It’s almost summertime, which means picnic season and swimsuit season will soon be upon us. The weather’s perfect for hiking, camping, barbecuing, and days at the beach—lots of opportunities for outdoor exercise, but just as many opportunities to indulge at pool parties, outdoor festivals, and county fairs. Here are some foods to try avoiding during the dog days of summer and some ideas for substitutions for picnic favorites.
Avoid Fried Chicken: One extra-crispy breast will run you 460 calories and 28 grams of fat, 8 of them saturated. That’s almost three times the calories of a grilled, skinless breast and almost ten times as much fat.
Substitution: If you’re short for time, pick up a rotisserie chicken at the grocery store. Just make sure it’s not slathered in BBQ sauce, and take off the skin to save yourself from eating extra fat and calories. Better yet, make my Kentucky “Fraud” Chicken to take along with you on your picnic. It tastes just like fried chicken without the grease, fat, and calories!
Avoid Burgers: It’s always great to fire up the grill and start cooking up a mess of meat. And the good news is that grilling is one of the healthiest ways to cook food. It adds tons of flavor and doesn’t add fat. But they can be calorie and saturated fat bombs—so choose carefully. A plain burger on a bun is about 270 calories and 4 grams of saturated fat (20% of the daily value), but make it a large one with toppings and you’re up to 512 calories and 52% of your daily value for saturated fat (over 10 grams), or more.
Substitution: The best thing to grill would be skinless chicken, fish, or vegetables. But if you’re craving a juicy burger or brat and a portobello burger just won’t do, there are still some decisions you can make to keep it on the lean side. For burgers, consider a leaner option than beef like ground turkey, or buffalo. But as always, check the label. Some grinds of turkey have as much fat as a fatty grind of beef. Ground turkey breast is usually much leaner than ground turkey. If you’re going to make beef burgers, try to find a grind that is under 5 percent fat. Ground sirloin is usually pretty close.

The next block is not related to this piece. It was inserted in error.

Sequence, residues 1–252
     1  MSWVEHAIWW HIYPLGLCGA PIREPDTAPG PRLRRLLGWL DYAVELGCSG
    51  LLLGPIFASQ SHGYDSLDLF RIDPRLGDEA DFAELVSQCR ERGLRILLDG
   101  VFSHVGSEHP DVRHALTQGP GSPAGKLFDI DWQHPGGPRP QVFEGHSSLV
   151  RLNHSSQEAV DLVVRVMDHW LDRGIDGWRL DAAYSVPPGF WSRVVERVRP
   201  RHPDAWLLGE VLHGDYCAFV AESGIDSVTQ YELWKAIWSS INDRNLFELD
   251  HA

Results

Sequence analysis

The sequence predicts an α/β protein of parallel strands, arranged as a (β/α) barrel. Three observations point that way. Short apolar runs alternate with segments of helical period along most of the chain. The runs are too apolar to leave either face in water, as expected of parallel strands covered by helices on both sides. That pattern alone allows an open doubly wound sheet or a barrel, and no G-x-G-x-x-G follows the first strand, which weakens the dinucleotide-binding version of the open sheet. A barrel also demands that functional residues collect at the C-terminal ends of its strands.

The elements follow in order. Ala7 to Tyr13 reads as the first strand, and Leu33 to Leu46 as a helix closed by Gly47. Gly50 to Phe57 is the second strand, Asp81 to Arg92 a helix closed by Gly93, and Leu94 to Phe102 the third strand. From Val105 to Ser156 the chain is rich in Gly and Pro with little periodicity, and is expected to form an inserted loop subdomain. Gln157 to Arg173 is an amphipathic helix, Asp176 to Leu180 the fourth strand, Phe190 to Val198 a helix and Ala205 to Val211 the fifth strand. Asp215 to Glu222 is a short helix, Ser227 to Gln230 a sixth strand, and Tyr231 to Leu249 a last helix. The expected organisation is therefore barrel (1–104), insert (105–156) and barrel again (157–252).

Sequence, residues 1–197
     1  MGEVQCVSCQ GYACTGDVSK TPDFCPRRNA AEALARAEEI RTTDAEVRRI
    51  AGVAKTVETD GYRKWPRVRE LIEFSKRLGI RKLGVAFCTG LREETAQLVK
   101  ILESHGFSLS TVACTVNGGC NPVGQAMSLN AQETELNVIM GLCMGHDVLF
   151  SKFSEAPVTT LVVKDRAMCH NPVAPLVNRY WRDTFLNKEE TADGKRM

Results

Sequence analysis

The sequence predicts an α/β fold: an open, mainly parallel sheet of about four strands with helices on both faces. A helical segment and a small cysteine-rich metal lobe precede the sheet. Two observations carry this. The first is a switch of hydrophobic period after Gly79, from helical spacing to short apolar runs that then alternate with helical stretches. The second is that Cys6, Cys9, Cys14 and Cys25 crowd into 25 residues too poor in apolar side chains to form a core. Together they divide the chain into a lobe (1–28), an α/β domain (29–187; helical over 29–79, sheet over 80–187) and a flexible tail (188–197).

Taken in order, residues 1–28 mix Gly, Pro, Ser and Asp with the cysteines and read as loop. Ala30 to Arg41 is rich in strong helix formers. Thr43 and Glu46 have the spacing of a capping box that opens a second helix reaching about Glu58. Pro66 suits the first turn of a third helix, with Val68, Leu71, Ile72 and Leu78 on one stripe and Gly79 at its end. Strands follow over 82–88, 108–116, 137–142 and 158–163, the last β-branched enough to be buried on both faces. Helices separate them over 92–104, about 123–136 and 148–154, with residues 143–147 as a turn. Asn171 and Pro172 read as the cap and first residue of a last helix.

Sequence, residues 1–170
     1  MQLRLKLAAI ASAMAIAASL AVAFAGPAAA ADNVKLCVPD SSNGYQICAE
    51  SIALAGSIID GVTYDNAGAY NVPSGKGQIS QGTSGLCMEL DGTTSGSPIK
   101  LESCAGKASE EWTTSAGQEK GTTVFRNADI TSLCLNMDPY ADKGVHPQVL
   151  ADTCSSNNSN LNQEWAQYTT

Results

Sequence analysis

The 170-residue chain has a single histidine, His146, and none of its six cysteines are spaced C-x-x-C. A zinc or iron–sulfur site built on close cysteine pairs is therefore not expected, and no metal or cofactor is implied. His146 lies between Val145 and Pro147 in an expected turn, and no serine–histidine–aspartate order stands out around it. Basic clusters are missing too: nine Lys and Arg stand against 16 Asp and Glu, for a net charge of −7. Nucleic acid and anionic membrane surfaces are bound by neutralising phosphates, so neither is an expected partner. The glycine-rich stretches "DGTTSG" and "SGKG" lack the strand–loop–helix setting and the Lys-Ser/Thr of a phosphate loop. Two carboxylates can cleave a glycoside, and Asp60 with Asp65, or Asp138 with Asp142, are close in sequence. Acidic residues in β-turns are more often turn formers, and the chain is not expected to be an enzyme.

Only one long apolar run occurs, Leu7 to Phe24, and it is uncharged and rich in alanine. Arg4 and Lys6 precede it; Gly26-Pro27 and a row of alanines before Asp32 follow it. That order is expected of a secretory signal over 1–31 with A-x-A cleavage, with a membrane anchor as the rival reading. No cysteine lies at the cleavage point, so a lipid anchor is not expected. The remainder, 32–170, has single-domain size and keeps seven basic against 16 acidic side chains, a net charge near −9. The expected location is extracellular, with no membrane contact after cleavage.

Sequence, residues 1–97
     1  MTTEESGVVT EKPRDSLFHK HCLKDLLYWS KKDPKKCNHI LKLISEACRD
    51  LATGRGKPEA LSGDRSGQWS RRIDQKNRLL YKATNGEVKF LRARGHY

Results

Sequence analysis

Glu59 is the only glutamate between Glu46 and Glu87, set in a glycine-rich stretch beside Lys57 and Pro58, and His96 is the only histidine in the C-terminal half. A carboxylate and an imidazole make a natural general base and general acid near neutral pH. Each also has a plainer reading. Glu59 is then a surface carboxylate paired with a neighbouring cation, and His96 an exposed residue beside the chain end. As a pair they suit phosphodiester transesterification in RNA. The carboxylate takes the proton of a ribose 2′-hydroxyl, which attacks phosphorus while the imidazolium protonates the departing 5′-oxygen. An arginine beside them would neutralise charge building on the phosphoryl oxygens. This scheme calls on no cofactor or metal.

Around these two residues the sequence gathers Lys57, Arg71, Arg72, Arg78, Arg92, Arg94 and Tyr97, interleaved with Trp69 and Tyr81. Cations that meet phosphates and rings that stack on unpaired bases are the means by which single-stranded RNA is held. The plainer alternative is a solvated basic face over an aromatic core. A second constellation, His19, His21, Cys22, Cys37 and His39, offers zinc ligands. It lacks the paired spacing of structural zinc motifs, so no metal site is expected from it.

Avoid Potato and Macaroni Salad: This one can be a diet disaster. Traditional potato salad with full fat mayo and eggs delivers 358 calories, 20 grams of fat, and 170 mg of cholesterol (300 mg per day is the max limit for healthy people; 200 for those with high cholesterol) per 1-cup serving.
Substitution: Instead of mayonnaise, consider using nonfat yogurt, food-processed low-fat cottage cheese, or low-fat ricotta cheese instead. You’ll get fewer calories, less fat, and lessen the risk of salmonella poisoning by going eggless. One way to make potato salad healthier is to leave the skins on the potatoes, as they have the fiber and most of the vitamins in the spud. For macaroni salad, use a whole-grain pasta to get extra fiber. Better yet, make a pasta salad with heart-healthy olive oil, vinegar, and lots of veggies. Try my Mexican Pasta Salad!
Avoid Trail Mix: Summer’s a great time for checking out nature, and it’s always great to bring along a healthy snack. But check the trail mix ingredients. Some, especially those containing granola, can be loaded with super-unhealthy hydrogenated oils and fat. There are trail mixes on the market that have more fat than a large order of fries, so it’s definitely a buyer-beware situation. Also check out how much sugar is in the trail mix or granola bars you’re taking backpacking. Some bars aren’t much healthier than a Snickers. If ingredients in your trail mix include chocolate chips and marshmallows, you may not have made the healthiest choice.
Substitution: Make your own healthy version of trail mix. Use unsalted almonds, peanuts, and pumpkin seeds and instead of M&M’s, add some raisins for sweetness. You could also make my Homemade Larabars or Granola Bites.
And don’t forget to pack lots of fresh veggies and fruit as well as water! Bringing along a cooler packed with healthy eats will make for the perfect picnic. It’s a triple win: simple, tasty, and healthy!Print This